Within rehabilitation and industrial scenarios, assistive devices such as active orthoses, exoskeletons, or other close-to-body systems can play a major role with helping to alleviate the repetitive nature of certain movements on the individual performing them. For this, the force that is typically produced by the human needs to be created and implemented through a human-machine interface (HMI) such as an assistive device. Model based predictions of the limb movements can be created from the myoelectric signals; collected from the data of surface electromyography (sEMG) technologies.

Between the initial detection of the myoelectric signal and muscle contraction, there is a delay. During this delay, which can be around 106ms for knee extensors or 53ms for upper limb muscles, there is an opportunity to feed the signal from the muscle into a muscle driven model and aid a person’s movement through an assistive device. However, for this to work within a short period of time, the model must be suitably fast within the algorithm stage, but also be of sufficient quality for limb movement to be predicted and then mapped to the movement of the robotic device.

Read the full paper

For this, researchers have recently modelled the predicted movement of the human forearm by employing a biomechanical model that reduces the amount of optimization parameters whilst being based on individual anatomical and physiological measures. The aim of the work was to create a model that can be adapted to a new user or movement scenario with little measurement and computing effort.

A biomechanical model is presented that predicts limb movements of the human forearm based on easy to measure sEMG signals, from Trigno Avanti sensors, of the main muscles involved in forearm actuation (lateral and long head of triceps and short and long head of biceps). The model has 42 internal parameters of which 37 were attributed to 8 individually measured physiological measures (location of acromion at the shoulder, medial/lateral epicondyles as well as olecranon at the elbow, and styloid processes of radius/ulna at the wrist; maximum muscle forces of biceps and triceps). The remaining 5 parameters are adapted to specific movement conditions in an optimization process. The model was tested in an experimental study with 31 subjects in which the prediction quality of the model was assessed. The quality of the movement prediction was evaluated by using the normalized mean absolute error (nMAE) for two arm postures (lower, upper), two load conditions (2 kg, 4 kg) and two movement velocities (slow, fast).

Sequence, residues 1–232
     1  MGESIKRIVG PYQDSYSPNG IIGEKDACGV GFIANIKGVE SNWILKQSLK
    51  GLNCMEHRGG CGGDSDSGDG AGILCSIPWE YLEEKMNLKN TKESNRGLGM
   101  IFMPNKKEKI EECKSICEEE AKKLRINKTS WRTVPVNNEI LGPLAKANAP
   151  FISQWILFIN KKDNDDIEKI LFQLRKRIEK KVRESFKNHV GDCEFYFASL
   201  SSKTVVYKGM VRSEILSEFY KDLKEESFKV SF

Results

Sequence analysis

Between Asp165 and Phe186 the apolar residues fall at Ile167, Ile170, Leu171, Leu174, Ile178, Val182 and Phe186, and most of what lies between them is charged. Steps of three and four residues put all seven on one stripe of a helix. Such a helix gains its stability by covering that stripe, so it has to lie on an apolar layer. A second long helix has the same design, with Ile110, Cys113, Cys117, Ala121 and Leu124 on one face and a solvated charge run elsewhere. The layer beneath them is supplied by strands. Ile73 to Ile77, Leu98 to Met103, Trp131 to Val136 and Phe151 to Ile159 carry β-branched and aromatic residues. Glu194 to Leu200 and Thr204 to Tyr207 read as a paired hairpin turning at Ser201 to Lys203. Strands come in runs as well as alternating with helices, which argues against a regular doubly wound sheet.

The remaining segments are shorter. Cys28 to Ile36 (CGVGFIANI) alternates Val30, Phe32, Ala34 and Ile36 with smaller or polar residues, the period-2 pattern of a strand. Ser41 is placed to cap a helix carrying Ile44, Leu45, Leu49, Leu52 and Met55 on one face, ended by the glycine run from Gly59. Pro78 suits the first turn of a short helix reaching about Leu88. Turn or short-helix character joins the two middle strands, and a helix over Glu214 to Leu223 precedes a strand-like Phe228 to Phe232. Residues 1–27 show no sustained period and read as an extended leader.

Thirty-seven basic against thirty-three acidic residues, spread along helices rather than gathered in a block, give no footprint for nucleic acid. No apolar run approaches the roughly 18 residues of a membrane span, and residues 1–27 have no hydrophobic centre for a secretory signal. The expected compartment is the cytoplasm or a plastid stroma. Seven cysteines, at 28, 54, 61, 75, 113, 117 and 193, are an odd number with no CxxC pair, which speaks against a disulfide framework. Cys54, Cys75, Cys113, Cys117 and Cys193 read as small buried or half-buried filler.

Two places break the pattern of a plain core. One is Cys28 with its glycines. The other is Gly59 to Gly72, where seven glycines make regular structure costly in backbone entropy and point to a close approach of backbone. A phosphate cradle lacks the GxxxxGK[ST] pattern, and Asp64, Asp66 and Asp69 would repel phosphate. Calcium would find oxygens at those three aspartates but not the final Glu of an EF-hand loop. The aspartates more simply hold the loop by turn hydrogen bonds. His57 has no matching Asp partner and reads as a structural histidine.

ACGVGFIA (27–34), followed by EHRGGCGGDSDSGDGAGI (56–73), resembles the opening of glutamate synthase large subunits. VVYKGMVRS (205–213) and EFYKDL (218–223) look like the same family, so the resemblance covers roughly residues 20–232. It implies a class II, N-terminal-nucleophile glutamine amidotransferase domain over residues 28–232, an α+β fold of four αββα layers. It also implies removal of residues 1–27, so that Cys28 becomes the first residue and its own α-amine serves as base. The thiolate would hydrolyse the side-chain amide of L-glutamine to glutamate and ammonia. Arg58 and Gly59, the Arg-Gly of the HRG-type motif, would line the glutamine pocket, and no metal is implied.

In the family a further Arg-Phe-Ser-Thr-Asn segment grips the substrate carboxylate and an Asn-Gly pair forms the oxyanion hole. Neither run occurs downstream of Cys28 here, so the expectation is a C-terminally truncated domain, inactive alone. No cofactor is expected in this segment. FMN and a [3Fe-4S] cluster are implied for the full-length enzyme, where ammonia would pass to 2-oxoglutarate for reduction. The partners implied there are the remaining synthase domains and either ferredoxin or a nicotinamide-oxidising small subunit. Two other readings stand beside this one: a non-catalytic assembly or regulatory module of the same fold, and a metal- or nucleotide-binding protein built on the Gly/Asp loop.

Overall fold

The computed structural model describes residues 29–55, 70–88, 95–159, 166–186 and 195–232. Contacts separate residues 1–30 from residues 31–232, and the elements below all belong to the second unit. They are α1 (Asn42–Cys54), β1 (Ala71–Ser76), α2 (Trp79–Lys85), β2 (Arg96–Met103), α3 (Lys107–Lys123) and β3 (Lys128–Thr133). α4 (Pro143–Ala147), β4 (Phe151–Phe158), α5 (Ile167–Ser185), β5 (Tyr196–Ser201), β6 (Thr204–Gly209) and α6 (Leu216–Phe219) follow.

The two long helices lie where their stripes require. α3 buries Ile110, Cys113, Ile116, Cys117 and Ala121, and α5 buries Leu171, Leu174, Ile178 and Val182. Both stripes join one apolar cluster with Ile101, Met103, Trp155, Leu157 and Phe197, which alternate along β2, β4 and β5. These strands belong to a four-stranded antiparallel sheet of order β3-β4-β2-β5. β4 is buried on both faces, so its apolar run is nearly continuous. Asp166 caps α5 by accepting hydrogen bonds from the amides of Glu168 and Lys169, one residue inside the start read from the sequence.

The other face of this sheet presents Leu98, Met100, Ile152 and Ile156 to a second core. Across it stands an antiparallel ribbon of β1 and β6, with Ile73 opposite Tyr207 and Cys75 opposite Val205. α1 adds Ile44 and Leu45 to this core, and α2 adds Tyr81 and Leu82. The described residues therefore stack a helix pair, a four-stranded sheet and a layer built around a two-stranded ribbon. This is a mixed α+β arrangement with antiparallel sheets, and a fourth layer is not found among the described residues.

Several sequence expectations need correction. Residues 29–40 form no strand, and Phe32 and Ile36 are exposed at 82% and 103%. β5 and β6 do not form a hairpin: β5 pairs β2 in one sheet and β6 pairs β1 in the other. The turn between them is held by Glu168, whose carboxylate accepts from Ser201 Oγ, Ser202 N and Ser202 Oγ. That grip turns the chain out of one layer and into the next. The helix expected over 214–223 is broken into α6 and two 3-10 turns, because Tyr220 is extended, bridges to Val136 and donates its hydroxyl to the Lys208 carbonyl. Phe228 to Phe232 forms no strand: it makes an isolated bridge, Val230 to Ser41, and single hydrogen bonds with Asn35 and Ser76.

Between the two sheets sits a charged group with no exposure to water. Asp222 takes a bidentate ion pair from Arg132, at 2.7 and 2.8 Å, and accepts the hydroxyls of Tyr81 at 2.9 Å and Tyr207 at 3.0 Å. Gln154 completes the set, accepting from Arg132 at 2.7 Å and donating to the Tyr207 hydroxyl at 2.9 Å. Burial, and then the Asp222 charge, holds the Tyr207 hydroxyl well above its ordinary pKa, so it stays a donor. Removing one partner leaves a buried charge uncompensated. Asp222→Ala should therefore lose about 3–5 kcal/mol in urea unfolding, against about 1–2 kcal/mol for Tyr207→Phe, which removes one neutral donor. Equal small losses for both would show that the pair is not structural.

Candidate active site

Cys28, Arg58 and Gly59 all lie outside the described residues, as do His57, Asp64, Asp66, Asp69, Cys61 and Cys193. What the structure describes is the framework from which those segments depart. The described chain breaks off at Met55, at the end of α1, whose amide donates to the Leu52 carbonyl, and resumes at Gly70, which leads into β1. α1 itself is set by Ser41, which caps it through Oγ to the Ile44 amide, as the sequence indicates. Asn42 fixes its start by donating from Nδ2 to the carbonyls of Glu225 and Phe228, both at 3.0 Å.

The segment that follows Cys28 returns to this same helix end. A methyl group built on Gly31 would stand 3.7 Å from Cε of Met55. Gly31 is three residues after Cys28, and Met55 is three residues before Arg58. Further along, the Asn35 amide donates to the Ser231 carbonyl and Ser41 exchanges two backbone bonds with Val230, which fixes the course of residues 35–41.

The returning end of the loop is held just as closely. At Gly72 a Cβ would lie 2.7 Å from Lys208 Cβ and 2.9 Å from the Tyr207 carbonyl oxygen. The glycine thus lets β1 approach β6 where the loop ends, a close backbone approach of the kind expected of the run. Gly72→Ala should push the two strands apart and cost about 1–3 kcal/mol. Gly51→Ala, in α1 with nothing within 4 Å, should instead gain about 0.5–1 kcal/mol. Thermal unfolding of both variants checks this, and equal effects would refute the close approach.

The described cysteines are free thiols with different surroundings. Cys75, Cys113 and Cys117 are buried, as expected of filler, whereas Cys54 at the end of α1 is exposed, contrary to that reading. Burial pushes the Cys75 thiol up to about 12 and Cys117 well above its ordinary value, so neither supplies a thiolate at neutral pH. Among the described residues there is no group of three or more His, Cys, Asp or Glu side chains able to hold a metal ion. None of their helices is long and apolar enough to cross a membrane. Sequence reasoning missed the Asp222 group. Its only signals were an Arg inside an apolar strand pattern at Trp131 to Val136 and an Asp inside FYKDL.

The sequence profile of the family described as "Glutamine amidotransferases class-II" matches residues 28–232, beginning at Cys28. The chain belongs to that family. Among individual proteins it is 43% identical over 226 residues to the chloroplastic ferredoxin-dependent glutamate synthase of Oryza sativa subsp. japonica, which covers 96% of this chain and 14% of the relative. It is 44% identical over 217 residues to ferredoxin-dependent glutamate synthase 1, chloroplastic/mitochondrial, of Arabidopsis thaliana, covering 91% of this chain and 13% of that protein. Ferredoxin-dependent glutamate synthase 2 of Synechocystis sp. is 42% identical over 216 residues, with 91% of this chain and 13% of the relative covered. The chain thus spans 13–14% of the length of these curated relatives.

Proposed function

For the resulting 8 experimental combinations the nMAE varied between nMAE = 0.16 and nMAE = 0.21 (lower numbers better). An additional quality score (QS) was introduced that allows direct comparison between different movements. This score ranged from QS = 0.25 to QS = 0.40 (higher numbers better) for the experimental combinations. The above formulated aim was achieved with good prediction quality by using only 8 individual measurements (easy to collect body dimensions) and the subsequent optimization of only 5 parameters. At the same time, just easily accessible sEMG measurement locations are used to enable simple integration, e.g. in exoskeletons.

This biomechanical model does not compete with models that measure all sEMG signals of the muscle heads involved in order to achieve the highest possible prediction quality, but the quality of the movement prediction of the domain model in this work will serve as a reference for future work.

Future work includes the further development of the domain model shown here towards a hybrid model that integrates additional, data-driven (ML-based) sub-models. Such a hybrid approach could, on the one hand, further increase the prediction quality and, on the other hand, identify and address over-simplifications in sub-models of the existing domain model. Such a hybrid approach should also combine the explainability of a pure domain model with the adaptability of a purely data-driven (black box) approach.

Paper Reference:

Grimmelsmann N, Mechtenberg M,Schenck W, Meyer HG, Schneider A (2023): sEMG-based prediction of human forearm movements utilizing a biomechanical model based on individual anatomical/ physiological measures and a reduced set of optimization parameters.

PLoS ONE 18(8): e0289549.